Hong Kong lawyers protest proposed extradition law changes
HONG KONG (AP) — Hundreds of legal professionals dressed in black joined a silent march in Hong Kong on Thursday to protest proposed amendments to an extradition law that critics say would erode the territory’s independent legal system.
The lawyers and other legal workers marched from the Court of Final Appeal to the central government offices.
March organizer Dennis Kwok said the bill would cause “irreparable damage to our legal system, to the rule of law.”
The amendments have been widely criticized as eroding the semi-autonomous Chinese territory’s judicial independence by making it easier to send criminal suspects to mainland China, where they could face vague national security charges and unfair trials.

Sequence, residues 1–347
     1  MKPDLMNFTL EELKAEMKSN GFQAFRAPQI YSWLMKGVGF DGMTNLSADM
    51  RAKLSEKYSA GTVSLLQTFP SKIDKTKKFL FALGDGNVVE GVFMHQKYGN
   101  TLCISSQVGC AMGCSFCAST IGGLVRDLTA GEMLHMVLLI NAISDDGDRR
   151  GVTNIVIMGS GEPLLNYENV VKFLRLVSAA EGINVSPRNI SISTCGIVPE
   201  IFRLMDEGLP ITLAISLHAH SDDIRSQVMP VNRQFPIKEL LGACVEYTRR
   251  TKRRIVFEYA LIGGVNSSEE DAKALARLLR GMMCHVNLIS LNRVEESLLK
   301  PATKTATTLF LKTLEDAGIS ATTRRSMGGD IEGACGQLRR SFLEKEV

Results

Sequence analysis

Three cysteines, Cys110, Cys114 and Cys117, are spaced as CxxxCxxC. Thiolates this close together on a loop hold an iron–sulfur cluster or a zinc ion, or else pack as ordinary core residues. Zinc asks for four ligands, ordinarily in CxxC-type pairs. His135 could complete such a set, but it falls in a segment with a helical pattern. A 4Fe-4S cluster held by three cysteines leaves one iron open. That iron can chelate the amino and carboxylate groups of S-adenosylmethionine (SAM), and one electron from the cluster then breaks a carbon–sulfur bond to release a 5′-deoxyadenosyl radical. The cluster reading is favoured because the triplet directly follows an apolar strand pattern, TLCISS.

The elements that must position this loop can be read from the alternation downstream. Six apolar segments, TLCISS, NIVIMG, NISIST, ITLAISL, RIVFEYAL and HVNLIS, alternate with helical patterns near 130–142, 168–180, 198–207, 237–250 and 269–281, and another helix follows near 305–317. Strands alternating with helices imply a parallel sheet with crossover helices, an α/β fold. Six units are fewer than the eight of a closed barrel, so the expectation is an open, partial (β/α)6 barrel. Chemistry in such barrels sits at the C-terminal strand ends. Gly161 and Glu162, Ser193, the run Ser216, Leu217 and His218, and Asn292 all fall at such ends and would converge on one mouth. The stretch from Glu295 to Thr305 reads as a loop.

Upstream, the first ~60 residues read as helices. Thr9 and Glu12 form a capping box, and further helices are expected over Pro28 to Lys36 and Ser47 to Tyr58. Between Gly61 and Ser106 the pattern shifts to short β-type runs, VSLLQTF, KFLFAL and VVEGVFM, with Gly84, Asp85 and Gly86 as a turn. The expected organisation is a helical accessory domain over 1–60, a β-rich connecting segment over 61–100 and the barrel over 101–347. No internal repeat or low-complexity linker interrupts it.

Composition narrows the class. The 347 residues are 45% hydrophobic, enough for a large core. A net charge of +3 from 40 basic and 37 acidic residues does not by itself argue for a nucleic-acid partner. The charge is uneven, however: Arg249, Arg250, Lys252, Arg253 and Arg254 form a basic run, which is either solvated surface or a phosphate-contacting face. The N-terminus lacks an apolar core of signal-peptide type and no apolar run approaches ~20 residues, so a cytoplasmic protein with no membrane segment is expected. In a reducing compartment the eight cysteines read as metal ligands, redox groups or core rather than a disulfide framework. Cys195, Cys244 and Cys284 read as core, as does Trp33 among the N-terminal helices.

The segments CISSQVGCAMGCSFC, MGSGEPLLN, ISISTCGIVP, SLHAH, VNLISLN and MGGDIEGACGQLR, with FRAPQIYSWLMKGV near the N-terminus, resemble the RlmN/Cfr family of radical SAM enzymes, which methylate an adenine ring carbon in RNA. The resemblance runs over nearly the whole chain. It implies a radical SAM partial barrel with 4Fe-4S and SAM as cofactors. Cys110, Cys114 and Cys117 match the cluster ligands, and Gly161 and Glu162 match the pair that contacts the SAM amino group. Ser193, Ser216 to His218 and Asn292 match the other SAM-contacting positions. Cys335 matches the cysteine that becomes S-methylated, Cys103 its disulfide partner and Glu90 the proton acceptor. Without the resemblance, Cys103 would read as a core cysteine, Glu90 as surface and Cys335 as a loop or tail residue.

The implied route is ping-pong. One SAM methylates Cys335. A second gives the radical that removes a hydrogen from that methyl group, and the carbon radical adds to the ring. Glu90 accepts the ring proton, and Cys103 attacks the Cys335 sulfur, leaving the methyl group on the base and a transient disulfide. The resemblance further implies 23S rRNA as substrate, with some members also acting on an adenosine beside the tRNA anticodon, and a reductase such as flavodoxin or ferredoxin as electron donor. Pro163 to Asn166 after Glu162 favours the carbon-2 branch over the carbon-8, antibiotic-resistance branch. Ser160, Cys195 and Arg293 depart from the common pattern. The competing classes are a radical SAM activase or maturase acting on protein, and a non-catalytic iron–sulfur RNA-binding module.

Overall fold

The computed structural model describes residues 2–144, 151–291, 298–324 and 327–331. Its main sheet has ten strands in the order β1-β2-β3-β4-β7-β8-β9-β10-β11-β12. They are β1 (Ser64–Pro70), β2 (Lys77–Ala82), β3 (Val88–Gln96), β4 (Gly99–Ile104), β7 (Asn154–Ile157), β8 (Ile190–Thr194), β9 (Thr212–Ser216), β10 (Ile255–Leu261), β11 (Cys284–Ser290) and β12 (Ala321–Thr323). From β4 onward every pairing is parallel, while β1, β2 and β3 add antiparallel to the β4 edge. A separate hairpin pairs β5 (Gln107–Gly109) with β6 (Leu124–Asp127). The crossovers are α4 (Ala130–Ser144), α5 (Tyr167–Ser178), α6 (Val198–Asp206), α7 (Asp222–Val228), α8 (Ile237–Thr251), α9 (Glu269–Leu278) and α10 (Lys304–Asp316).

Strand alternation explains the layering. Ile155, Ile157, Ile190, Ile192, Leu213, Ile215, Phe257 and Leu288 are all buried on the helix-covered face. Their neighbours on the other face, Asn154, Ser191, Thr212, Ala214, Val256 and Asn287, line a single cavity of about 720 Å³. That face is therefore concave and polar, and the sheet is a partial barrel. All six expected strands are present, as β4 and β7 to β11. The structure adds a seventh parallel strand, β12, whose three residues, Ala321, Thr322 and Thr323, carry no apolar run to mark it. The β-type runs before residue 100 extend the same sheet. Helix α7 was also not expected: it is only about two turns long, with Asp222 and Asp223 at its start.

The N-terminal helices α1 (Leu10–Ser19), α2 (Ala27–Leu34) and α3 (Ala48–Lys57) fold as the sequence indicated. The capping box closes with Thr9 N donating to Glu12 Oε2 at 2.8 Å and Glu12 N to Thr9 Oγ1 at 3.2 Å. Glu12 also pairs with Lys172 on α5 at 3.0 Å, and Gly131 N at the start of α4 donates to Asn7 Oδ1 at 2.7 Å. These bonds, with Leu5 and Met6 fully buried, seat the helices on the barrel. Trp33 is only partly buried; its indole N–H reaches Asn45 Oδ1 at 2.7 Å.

Under its “one country, two systems” framework, Hong Kong was guaranteed the right to retain its own social, legal and political systems for 50 years following its handover from British to Chinese rule in 1997. However, China’s ruling Communist Party has been seen as increasingly reneging on that agreement by forcing through unpopular legal changes.
Hong Kong’s Legislative Council intends to vote on the amended Fugitive Offenders Ordinance and the Mutual Legal Assistance in Criminal Matters Ordinance on June 12.